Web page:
On the occasion of Cheyenne’s 60th anniversary, Clint Walker reminisces about making the classic western that made him a star.

In a quiet corner of eastern California’s Nevada County, just off a winding road that requires a careful driver to keep a light foot on the pedal, you will find — if you’re fortunate enough to be invited, and given detailed directions — the place Clint Walker, a living legend from the golden age of TV westerns, calls home.

The man known and loved by millions as Cheyenne Bodie, the straight-shooting hero of the classic Warner Bros. television series Cheyenne (1955 – 63), is supposed to be 88 years old. But it’s hard to give much credence to that factoid when you see the 6-foot-6 fellow walking toward you with a sure, steady gait and feel the firm grip of his handshake as he extends a hearty greeting. You can’t help thinking that he remains fully capable of keeping the peace and, if the situation were to require it, smiting the wicked, just like the slow-to-anger but tough-as-granite cowboy he portrayed decades ago.

So it comes as a surprise when he matter-of-factly mentions that during a recent trespass by a hungry bear, he let Susan, his wife of 18 years, shoo the beast back into the nearby woods.

“We’ve got our trash cans over on the other side of the garage there,” Clint explains as I take my seat with him and Susan in their spacious home office. “I’ve got my shop in there. I was in there about 10 one night, and all of a sudden it sounded like I had three or four Arnold Schwarzeneggers out there throwing my trash cans around.

“I came in and told Susan, ‘I think we’ve got a bear out there.’ She said, ‘Maybe it’s a big raccoon.’ I said, ‘Well, if he’s that big, I don’t want anything to do with him.’ ”

We laugh together; then he continues: “So we went out to see what was going on. I had a gun in my hip pocket and a flashlight. Susan had the little crow gun [a ‘scare gun’ that makes a loud noise to disperse birds]. And, boy, around the corner comes this bear. And he’s headed right for us.”

“He had a cookie wrapper in his mouth,” Susan adds, only half-smiling at the memory.

“Anyway,” Clint continues, “she fired once and he kept coming. She fired the second shot — and he stopped, turned around, and then ran away.”

When they’re not dispatching ursine intruders or dealing with the occasional rattlesnake — Susan usually just catches the critters, then releases them close to a nearby creek — the Walkers devote most of their time to their thriving nostalgia business. They sell T-shirts, CDs, DVDs, autographed photos and prints, and other merchandise from their ClintWalker.com website. And they sporadically make personal appearances to sell their wares at various western-themed gatherings and conventions — even though traveling requires long drives, because Clint feels cramped in conventional airline seats. Business is good — better than ever, in fact — because, thanks to repeated reruns on cable networks and the releases of DVD box sets, Cheyenne continues to attract a large and diverse viewership.

To help Cowboys & Indians celebrate the 60th anniversary of the premiere episode of Cheyenne, Walker graciously shared some of his most treasured memories about making the series that made him a star.

Cowboys & Indians: Cheyenne” merits a place in TV history for being the first hour-long western series ever to air in prime time. Do you think the length of the show helped contribute to its success?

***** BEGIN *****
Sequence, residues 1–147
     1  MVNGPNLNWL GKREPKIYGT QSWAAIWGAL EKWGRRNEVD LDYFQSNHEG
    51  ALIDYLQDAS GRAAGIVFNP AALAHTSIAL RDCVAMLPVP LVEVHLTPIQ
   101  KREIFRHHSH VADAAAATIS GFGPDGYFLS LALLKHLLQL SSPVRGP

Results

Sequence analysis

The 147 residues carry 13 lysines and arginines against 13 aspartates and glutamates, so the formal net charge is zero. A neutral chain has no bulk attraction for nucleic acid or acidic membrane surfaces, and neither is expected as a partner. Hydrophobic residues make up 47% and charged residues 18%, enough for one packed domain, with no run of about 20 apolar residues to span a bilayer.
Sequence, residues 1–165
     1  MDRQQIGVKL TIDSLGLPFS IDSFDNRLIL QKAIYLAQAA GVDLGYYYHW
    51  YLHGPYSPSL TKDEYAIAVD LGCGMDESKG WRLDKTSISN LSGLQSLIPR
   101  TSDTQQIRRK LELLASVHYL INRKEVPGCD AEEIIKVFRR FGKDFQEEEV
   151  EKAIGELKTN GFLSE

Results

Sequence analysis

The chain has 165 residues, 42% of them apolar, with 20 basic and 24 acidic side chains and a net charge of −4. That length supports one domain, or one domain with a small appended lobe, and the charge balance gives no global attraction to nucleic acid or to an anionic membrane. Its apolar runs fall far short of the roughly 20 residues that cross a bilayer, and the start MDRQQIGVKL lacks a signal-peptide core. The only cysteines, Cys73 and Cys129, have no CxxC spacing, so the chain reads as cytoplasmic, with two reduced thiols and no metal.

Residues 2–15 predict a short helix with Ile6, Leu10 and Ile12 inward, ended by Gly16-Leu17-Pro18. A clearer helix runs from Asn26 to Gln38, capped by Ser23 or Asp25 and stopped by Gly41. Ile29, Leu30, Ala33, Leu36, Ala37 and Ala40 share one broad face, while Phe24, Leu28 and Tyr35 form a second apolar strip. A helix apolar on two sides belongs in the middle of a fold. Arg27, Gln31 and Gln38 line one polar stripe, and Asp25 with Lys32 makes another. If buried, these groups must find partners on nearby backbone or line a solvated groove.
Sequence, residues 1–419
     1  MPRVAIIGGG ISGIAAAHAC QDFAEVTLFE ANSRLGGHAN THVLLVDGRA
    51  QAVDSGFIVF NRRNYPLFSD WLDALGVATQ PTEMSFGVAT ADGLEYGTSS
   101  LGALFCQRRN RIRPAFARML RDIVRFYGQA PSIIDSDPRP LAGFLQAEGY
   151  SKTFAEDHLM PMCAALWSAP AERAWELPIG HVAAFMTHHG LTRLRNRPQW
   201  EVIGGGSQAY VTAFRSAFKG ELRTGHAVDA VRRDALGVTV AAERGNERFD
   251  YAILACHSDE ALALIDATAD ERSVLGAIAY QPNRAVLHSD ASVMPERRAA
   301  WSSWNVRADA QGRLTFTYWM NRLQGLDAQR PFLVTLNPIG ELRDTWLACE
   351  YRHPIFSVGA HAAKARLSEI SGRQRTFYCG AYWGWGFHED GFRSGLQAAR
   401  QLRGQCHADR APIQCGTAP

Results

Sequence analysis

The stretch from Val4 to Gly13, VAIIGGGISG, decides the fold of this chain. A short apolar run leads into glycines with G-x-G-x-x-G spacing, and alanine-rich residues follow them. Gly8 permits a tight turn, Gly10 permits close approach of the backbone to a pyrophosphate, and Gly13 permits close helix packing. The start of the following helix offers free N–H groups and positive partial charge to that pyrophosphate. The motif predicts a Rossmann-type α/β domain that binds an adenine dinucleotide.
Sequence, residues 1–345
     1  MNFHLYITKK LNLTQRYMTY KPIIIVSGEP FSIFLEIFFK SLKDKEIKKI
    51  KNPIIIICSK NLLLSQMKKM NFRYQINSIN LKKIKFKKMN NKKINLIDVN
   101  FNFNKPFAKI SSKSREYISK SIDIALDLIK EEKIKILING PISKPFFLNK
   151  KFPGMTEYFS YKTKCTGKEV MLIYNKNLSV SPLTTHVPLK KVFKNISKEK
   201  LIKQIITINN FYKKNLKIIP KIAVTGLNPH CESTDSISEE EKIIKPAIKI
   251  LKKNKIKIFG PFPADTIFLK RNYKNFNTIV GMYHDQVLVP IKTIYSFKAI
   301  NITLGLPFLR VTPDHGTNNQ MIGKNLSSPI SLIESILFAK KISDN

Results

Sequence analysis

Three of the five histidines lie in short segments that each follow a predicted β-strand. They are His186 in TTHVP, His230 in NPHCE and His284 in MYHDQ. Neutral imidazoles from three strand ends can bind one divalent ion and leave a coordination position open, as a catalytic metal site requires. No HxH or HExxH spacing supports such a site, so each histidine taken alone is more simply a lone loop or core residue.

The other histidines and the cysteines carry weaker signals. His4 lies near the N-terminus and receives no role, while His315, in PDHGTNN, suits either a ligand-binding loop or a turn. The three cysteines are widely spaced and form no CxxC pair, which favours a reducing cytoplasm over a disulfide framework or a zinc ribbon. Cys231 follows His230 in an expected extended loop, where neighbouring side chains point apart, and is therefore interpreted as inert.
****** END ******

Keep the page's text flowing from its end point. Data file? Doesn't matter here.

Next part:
Clint Walker:
I was blessed by being with Warner Bros., and them being willing to make it an hour-long program. I had a big advantage over the guys that were doing Gunsmoke and some of the others, because they were doing only a half-hour. In a half-hour, you can’t develop your characters adequately. And these characters make your story. Without them, and without sufficient background so people know who and what they are, you don’t get the significance of that individual like you should. We had the time to do that. It makes a far more interesting story.

Let’s take [character actor] Leo Gordon. Any time I did a picture with Leo, we showed what a no-good mean so-and-so he was. By the time he and I got into it, the audience was on my side. And the people that you want [viewers] to like — you get a chance to show your audience they’re good folks, so they’ll like them.

Also, I was with one of the biggest studios in the world. They had a heck of a film library, and they could make Cheyenne look like a feature picture. We couldn’t afford 1,000 cattle if we were doing a cattle drive. But they could go back to their big feature pictures that they spent money on, and a good [editor] could cut scenes of the cattle out of a film and put it in our Cheyenne. And you’d never know that it wasn’t all filmed at the same time when they did the Cheyenne [episode].

They had some really good cutters. At times, I had to wear different clothes or ride a different horse, because sometimes they wanted to show a rider in the distance maybe riding or being chased by Indians or boarding a moving train. That would’ve been somebody else [from a feature film]. I would wear clothing that would match his, to make it look like that was me when the cutter cut that film in.

Of course, once in a while, the cutters could really screw you up. Whenever there was a scene where I was doing a lot of shooting, I’d always try to have it so that there’d be one point where they’d pan over to me, and I’d be putting new bullets in my gun, so it would be more believable. Well, the doggone cutters would cut that scene out, and here I’d be shooting a six-shooter about 16 times without reloading. [Laughs.] Oh, those 16-shooters. Nothing like them.